James Butler III, known as the “Godfather of Lansing” and the “Senior Statesman” of the Martin Luther King, Jr. Commission of Mid-Michigan, died on August 7, 2020.
Butler’s service to the Greater Lansing community – including East Lansing, where he lived for decades – was honored on Aug. 24 with a formal resolution by the East Lansing City Council. ELi recently spoke with leaders in East Lansing to bring this report.
Butler was a giant in terms of his professional and philanthropic work in the region, doggedly “looking out for people who needed looking out for,” according to Dr. Peter Graham, Executive Medical Director of Physicians Health Plan.
Butler retired from IBM after thirty years working as the Business Unit and Senior Location management executive for Government Systems for Michigan, Ohio, and Kentucky – a $200,000,000 operation.
Elaine Hardy, the City’s Diversity, Equity and Inclusion Administrator, recalled meeting Butler 25 years ago when he worked for IBM. At the time, Hardy was employed by the YMCA, and Butler served on the organization’s board.
She was sent to meet him to secure a donation from IBM for a new program that the YMCA was piloting. Hardy recently told ELi that if she had to describe Butler in one word, she would use “impeccable.”
Butler met with Hardy in his IBM office. She recalled that he was well-dressed and prepared with information on Hardy and her work – and she remembered to us how well he listened and how he supported the initiative.
According to Hardy, Butler took copious notes at every meeting, and by the next meeting, “he would have read those and could pick up where he left off.”
His work did not stop after his retirement from IBM. Governor Jennifer Granholm appointed Butler to the Michigan Broadband Development Authority. He also worked for fifteen years as the Director of the Urban Revitalization Division for the Michigan State Housing Development Authority.
Jason Schreiber, founder of East Lansing-based LightSpeed, told ELi that the Broadband Development Authority loaned him $12,000,000 to build his first network in the early 2000s.
“I had achieved some success in a prior business, but no reasonable person would have ever considered my financial position sufficient for taking on such a loan,” wrote Schreiber via email.
“It was an impossible deal under any lens,” he continued, “but no barrier could sustain the will of James Butler. He will be missed.”
Butler was a member of countless community organizations, including Kappa Alpha Psi Fraternity Inc.; Sparrow Hospital Board of Directors; Junior Achievement of Mid Michigan; Michigan Association for Deaf, Hearing and Speech Services; Michigan Agent Orange Commission, Chairman Lansing Regional Chamber of Commerce; CAP-PAC Michigan; and State Police Oral Board.
He also served on the boards of the Boys and Girls Club Big Brothers program; Lansing Entertainment and Public Facilities Authority; Cooley Law School Board of Directors; MSU College of Arts and Letters; Sparrow’s Physician Health Plan Board of Directors; Dr. Martin Luther King Jr. Commission of Mid-Michigan; East Lansing Hannah Community Center Advisory Committee; and the City of East Lansing Financial Health Team.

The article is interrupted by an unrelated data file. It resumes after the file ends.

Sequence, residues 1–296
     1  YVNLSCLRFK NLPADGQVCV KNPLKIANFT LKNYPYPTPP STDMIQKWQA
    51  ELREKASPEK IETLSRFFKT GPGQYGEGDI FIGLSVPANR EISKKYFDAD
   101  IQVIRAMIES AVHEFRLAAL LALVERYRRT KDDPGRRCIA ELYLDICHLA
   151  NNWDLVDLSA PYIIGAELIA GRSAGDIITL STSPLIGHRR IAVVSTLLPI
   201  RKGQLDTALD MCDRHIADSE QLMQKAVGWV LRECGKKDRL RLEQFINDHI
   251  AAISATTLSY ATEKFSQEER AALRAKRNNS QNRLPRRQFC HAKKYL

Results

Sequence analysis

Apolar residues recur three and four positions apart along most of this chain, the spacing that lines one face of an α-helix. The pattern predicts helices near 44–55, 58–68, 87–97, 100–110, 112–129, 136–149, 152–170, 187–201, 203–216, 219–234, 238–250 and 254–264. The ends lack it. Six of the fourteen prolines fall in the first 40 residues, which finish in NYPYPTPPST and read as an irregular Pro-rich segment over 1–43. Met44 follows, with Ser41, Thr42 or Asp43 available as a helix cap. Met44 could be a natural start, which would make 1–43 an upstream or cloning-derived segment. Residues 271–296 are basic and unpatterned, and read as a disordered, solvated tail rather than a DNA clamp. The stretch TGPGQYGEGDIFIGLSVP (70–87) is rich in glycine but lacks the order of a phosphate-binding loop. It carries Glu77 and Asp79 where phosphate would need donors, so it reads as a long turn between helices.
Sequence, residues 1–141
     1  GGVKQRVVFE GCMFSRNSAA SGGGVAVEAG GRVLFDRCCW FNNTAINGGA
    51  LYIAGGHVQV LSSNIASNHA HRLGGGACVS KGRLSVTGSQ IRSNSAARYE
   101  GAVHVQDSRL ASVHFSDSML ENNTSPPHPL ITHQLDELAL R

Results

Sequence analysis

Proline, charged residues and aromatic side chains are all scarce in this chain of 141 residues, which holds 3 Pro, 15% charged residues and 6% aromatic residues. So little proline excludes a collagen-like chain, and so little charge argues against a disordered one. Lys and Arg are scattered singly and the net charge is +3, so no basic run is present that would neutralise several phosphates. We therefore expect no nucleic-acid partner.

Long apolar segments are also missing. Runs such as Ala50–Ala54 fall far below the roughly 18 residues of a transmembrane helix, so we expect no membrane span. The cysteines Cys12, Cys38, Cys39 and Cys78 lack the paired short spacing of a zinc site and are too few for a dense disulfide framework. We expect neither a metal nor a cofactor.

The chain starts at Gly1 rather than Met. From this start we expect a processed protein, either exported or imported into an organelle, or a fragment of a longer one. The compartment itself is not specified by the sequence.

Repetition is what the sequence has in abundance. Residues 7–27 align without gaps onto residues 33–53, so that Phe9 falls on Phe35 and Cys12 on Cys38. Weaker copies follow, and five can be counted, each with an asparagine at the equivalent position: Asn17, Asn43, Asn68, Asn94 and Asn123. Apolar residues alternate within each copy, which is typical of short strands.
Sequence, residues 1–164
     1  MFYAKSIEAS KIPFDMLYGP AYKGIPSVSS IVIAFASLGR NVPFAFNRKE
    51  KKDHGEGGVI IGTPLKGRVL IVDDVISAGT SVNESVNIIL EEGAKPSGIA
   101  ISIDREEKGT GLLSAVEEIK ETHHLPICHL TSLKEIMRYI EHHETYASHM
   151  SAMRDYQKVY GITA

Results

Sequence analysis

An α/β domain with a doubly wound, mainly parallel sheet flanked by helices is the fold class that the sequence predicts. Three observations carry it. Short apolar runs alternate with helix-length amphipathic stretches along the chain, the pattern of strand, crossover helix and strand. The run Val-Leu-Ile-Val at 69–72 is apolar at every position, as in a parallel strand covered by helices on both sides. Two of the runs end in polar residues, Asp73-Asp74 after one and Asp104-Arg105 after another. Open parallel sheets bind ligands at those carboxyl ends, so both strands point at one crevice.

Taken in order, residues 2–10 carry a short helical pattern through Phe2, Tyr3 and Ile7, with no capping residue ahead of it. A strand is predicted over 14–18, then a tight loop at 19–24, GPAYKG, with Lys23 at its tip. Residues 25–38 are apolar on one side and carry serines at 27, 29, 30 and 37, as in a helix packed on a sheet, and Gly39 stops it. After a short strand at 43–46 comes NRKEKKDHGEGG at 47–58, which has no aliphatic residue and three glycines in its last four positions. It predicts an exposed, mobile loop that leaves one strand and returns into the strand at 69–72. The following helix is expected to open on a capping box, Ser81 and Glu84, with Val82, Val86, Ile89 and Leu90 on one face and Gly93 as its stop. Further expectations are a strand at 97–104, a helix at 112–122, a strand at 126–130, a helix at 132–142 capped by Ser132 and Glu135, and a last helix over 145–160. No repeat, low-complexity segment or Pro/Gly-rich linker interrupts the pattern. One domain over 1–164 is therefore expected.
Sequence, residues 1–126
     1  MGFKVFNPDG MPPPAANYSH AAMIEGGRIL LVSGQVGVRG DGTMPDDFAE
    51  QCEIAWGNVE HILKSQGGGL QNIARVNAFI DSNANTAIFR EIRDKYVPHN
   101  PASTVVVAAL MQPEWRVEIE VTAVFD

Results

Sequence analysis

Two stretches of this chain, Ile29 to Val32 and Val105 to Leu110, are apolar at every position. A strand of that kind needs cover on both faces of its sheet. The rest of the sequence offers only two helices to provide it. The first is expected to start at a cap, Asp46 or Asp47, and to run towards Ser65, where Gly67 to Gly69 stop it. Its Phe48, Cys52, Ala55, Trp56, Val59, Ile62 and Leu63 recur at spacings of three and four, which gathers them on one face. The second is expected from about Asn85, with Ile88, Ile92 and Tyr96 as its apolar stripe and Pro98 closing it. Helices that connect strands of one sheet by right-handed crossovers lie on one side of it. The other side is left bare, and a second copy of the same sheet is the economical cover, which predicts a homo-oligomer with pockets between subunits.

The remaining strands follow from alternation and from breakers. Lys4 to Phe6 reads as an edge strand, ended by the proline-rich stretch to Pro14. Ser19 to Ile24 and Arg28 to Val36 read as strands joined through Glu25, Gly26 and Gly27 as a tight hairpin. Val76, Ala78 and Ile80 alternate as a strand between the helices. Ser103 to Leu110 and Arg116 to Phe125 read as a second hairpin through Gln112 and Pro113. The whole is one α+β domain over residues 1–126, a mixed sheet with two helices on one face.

After meeting Butler through the YMCA, Hardy continued her professional partnership and friendship with him when she served as the City’s liaison to the Martin Luther King, Jr. Commission of Mid-Michigan.
She remembers fondly her quarterly meetings at Flap Jack Shack with the Commission’s elder statesmen, discussing how he could support the Commission’s work.
According to Hardy, Butler “didn’t always make the most noise, but his impact was always felt,” particularly when pushing local CEOs to improve on diversity issues.
Peter Graham of Physicians Health Plan agrees with Hardy’s assessment of Butler. Graham and Butler met when Butler served on Sparrow’s Board of Directors.
Graham remembers Butler as resolute in his work to help historically minoritized groups, people experiencing poverty, and the disabled.
“He was the conscience of our board,” said Graham “We get jaded. He never did. He never took ‘oh well’ as an answer.”
Both Graham and Hardy emphasized Butler’s organizational skills as a “task master,” recalling how he started and ended meetings strictly on schedule and cast glances at those arriving late.
But his drive was complimented by his deep compassion, sense of humor, and attention to others as human beings.
Those who knew Butler fondly remember his impeccable fashion, and, according to Graham, Butler had a collection of ties unlike anyone else in the region.
Butler’s wife, Rishan Maxwell Butler, was also involved in work with Sparrow, and according to Hardy, her love and support afforded Butler the opportunity to support his community.
“His wife was there, sacrificing time so he could serve,” she said. The couple were married for 52 years, and Rishan Butler laid her husband to rest on their wedding anniversary. They raised three children, Duane, Nikia and Charrise, together in East Lansing.
Butler was born on February 11, 1943 in Philadelphia, Pennsylvania, and raised in Washington, D.C., and Virginia by parents who served in the military.
Butler himself was a decorated veteran who served in the Vietnam War. He attended Howard College and graduated from the University of the District of Columbia before relocating to East Lansing.
His impact on the community was incalculable according to all who spoke to ELi.
At an August 24 Mayor Aaron Stephens called Butler “truly a giant in this area and in this community,” whose “legacy lives on” through the work of those who looked up to him, including many area public servants and elected officials.